On Monday (February 10), President Donald Trump released a budget proposal for 2021 that would cost $4.8 trillion. His aims? Increase funding for the southern border wall and cut programs like Medicaid, housing assistance, and student loan forgiveness programs, the New York Times reported.
The budget, which is Trump’s fourth and final budget proposal of this term, was submitted to Congress on Monday (February 10), but still has to make its way through lawmakers and is subject to change. According to the Times, Trump is asking Congress to approve $4.4 trillion in spending cuts over the next 10 years, including about $170 billion from student loan debt initiatives.
The student loan debt initiative cuts include “sensible annual and lifetime loan limits” for graduate students and parents and would signal the end to subsidized loans if it’s passed, according to CNBC. The plan, titled “A Budget for America’s Future,” would also eliminate subsidized student loans, in which the federal government pays for the loan interest while a student is enrolled in college; cancel $3.9 billion from the Pell Grant Surplus; and streamline student loan repayment plans, according to Forbes.
It could also eliminate the public loan forgiveness program signed into law by President George W. Bush in 2007, according to CNBC. That program allows the government to cancel the student loan debt of any person who works for a not-for-profit or the government for 10 years if they make on-time payments during that decade, CNBC reports. (This isn’t the first time the Trump administration has come under fire for their treatment of students who were promised loan forgiveness for working in public service — a 2019 report found that a recent expansion of the program turned away 99 percent of applicants between May 2018 and May 2019, largely due to a paperwork technicality.)
According to the new budget proposal, undergraduates would be able to apply for federal student loan forgiveness after 15 years. The proposal also includes the expansion of Pell grants for short-term programs and makes them available to certain incarcerated students.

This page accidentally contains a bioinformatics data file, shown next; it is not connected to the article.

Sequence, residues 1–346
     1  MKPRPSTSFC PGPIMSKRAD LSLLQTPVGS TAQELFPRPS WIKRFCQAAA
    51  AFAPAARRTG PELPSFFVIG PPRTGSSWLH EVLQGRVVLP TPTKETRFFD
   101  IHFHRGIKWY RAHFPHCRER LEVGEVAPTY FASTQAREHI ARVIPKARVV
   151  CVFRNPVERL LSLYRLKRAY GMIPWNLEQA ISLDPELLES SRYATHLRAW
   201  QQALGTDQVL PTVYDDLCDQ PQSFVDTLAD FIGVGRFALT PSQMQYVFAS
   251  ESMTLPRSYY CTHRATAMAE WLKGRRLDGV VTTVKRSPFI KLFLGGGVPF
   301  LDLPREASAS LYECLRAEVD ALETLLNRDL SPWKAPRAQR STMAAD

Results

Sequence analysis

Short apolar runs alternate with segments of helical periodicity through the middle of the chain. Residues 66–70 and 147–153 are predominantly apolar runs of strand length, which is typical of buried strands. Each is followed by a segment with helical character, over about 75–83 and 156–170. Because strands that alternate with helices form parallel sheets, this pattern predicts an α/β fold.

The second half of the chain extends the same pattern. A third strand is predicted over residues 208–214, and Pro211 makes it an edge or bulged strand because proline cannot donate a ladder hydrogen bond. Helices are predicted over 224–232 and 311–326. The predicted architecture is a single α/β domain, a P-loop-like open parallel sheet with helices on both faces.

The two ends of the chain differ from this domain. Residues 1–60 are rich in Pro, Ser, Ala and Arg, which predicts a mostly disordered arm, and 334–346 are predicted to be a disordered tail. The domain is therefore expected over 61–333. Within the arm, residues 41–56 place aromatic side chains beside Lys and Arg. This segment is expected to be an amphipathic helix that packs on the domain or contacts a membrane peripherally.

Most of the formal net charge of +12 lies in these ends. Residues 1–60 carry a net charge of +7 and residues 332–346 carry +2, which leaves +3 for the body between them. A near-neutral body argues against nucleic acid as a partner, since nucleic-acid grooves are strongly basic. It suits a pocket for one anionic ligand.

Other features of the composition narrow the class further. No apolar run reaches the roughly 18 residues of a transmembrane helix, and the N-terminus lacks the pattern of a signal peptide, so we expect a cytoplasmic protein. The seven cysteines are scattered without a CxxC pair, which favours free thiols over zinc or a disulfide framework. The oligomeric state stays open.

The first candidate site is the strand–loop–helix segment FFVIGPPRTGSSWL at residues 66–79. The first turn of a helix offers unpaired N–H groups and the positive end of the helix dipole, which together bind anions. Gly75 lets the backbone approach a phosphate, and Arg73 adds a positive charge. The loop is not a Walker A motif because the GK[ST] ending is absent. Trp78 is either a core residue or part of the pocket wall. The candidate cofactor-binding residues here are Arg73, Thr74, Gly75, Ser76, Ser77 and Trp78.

It’s unclear if anything this stark will actually pass through the same House of Representatives that recently voted to impeach the President, but it will likely be part of the conversation as the 2020 presidential race rages on.
In comparison to Trump’s current take on student loans, all four of the top Democratic candidates are vying to increase access to student loan debt forgiveness. Former Vice President Joe Biden promises to increase access to Pell grants for community college classes for high schoolers and revamp the Public Service Loan Forgiveness Program to support public school teachers, government employees and those who work for certain not-for-profit organizations. Former Mayor Pete Buttigieg — who has a combined $130,000 of student loan debt with his husband Chasten — also advocates for Pell grants and government partnerships to lower tuition costs. Sen. Elizabeth Warren would forgive up to $50,000 in student loan debt for people who make less than $100,000 a year, which means the majority of people with student loan debt would benefit from her plan. (A two-cent tax on ultra-millionaires would end up paying the difference in forgiven debt.) Sen. Bernie Sanders easily has the most aggressive student loan debt plan: He wants to cancel all of it.